Ramadan is the month of charity, worship and tolerance. But many Pakistanis complain of losing its true spirit due to rampant consumerism in media
As a kid growing up in the 90s, I vividly remember the festivity, the atmosphere enriched with blessings, devotion, and charities during the sacred month of Ramadan – or Ramzan as it is called in Pakistan.
Back in those days, Pakistan’s state-owned channel PTV used to broadcast few programs keeping in view the religious beliefs respecting the month of Ramadan. Even on TV, the moments of Sehr-o-Aftaar were filled with excitement and joy of seeking Allah’s rewards and blessings through fasting, prayers and pleas to the Almighty.
Fast forward to 2017, switch on the television and all you see is TV channels are broadcasting the 12-hour live transmissions which blend Umrah lotteries with Musical Naats, the lucky draw for a car coupled with charity for poor.
What are we observing on-air 24/7 during the holy month is lavishly renovated sets, TV anchors in branded clothes along with distinguished ulemas from different religious sects and Naat khawaans. This whole scenario is captivating and meant to somehow add flavor to the feel of festivity for the viewers since amplest of charity is extended to underprivileged during live marathons that engage and trigger the affluent viewer to engage in the philanthropic work.
Religious issues are discussed with competent scholars. Quiz competitions are proceeded to give the grand prizes to the winners while enriching the general knowledge of viewers as well. But all that glitters is not necessarily gold. An individual, even with ordinary intellect, lost touch with the true spirit of Ramadan as soon he/she switched on the television.
Ramadan is meant to be a month of charity, worship and self-control. However many Pakistanis complain that they are losing the true spirit of the holy month because of rampant consumerism promoted by Pakistani TV channels over the last few years.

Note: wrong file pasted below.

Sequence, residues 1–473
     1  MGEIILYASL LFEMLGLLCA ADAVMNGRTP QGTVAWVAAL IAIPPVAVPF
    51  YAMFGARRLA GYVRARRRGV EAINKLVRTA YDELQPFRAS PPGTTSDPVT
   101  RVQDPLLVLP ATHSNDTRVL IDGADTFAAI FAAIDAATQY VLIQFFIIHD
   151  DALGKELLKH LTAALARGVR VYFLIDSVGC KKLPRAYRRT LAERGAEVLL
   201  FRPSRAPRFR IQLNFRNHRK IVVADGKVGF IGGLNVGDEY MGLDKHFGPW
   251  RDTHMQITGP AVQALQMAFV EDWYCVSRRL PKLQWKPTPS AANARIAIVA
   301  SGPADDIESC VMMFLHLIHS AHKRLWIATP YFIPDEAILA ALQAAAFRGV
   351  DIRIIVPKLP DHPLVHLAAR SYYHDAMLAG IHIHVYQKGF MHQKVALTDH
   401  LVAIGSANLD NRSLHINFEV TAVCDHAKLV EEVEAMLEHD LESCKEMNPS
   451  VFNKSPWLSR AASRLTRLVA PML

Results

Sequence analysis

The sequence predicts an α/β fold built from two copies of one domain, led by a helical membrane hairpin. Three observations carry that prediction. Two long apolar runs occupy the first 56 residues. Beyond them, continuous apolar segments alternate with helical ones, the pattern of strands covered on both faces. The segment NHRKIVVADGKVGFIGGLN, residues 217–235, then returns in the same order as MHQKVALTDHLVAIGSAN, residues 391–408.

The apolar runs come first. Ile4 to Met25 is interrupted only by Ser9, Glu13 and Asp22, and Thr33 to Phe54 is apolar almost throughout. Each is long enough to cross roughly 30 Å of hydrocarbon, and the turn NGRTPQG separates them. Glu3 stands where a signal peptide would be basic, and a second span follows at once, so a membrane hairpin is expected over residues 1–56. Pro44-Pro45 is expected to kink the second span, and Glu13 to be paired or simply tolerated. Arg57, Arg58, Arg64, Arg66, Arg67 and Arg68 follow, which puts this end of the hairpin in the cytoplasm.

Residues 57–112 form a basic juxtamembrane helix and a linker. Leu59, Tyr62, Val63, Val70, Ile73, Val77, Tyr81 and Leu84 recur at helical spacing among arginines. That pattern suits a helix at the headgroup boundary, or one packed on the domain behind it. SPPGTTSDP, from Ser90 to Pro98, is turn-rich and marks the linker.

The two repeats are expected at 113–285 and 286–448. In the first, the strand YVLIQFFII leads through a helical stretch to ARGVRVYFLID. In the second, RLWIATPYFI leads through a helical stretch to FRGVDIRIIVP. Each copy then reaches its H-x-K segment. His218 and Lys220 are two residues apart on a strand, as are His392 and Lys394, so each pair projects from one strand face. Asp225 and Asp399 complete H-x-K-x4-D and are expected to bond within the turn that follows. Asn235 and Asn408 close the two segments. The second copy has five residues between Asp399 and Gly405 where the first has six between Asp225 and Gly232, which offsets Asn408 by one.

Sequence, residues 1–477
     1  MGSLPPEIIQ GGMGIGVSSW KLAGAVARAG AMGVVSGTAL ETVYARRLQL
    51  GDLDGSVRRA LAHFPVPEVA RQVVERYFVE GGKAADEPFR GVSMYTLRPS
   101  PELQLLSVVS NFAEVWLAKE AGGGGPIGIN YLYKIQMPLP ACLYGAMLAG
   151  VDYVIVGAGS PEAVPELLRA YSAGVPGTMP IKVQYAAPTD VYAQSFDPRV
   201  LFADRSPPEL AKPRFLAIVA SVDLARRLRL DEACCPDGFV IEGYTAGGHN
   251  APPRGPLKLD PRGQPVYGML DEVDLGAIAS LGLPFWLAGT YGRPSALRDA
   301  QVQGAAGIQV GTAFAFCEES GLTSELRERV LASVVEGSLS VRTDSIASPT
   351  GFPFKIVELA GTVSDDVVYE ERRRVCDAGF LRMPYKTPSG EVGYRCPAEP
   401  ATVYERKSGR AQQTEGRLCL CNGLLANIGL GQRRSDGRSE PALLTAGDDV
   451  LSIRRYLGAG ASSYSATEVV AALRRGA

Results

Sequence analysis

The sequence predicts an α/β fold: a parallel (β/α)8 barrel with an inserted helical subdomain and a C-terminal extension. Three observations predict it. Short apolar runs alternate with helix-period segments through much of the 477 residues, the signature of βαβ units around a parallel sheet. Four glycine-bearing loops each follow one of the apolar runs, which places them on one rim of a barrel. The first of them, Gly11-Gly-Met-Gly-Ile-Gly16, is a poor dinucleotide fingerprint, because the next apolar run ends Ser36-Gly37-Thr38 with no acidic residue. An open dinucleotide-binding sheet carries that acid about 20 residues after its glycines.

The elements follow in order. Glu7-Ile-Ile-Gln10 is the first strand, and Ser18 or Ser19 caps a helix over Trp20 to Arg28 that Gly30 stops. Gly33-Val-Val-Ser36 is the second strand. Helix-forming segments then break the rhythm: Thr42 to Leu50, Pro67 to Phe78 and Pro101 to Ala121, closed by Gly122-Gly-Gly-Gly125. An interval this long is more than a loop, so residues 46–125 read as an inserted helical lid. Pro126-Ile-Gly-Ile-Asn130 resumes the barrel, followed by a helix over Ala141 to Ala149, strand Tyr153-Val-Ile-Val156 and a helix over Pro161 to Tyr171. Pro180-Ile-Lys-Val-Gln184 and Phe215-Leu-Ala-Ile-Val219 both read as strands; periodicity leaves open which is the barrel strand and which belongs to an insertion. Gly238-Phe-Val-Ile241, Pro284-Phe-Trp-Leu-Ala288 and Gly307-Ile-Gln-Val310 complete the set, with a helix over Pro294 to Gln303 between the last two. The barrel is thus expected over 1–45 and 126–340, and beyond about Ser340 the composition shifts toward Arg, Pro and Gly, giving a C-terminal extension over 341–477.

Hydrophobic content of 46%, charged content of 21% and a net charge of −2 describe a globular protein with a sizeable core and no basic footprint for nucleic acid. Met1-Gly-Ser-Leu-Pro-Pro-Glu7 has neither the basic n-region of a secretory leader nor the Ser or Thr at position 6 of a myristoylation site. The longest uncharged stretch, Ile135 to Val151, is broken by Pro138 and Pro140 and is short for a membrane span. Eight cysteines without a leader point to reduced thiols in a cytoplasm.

Each TV channel, in the pursuit of high ratings, has hired the faces with the highest star power and market value in the entertainment industry by throwing the substantive pay packages. Distinctive segments having gift hampers are designed to keep the audience engaged, consistently. At least 15 to 17 channels are broadcasting the live Ramadan transmission and according to a reliable source, the estimated budget of Ramadan transmission by leading media houses is approximately Rs 160 million this year which seem profligate and extravagance.
As if motorbikes and cars were not enough, surprisingly enough a TV channel is now proclaiming to give away “private jets “among the winners of the lucky draws or quiz shows during Ramadan transmission in a country like Pakistan where an average citizen earns 12k to 15k per month. How intriguing!
The aforementioned sketch is against the spirit of the holy month of Ramadan, which comprehends no more than simplicity, philanthropy, and enduring prayers while fasting with devotion.
Another aspect is that except few, most TV hosts are from entertainment industry i.e. actors/film stars/cricketers who are not suitable enough for religious programs which require discussion on varied issues with the religious scholars. Consequently, every year in the holy month controversies arises as to speaking off-the-cuff on sensitive religious issues. On the other hand, a class of some intellectual journalists and scholars are of the view that Ramadan transmissions should only be presented by the anchors who have extensive knowledge of religion. An actor, film star or cricketer conducting religious dialogue is very much similar to as if Ulemas or scholars discussing, let’s say, a newly released movie or a famous drama. Everyone knows only his business well.
Since PEMRA issued a notice, formulating an outline for such transmissions, which somehow is being followed but there is a lot more to do.
What we need is learned and well versed the TV broadcasters who are competent enough to present religious programs without creating any fuss and confusion for the masses. Media houses and production team should focus on content management, philanthropy and promote the religious spirit more instead of “Inaamaat ki barsaat” concept, to encourage positive social impact. Lastly, the focus should be on the real spirit of Ramadan which is tolerance, kindness and moderation.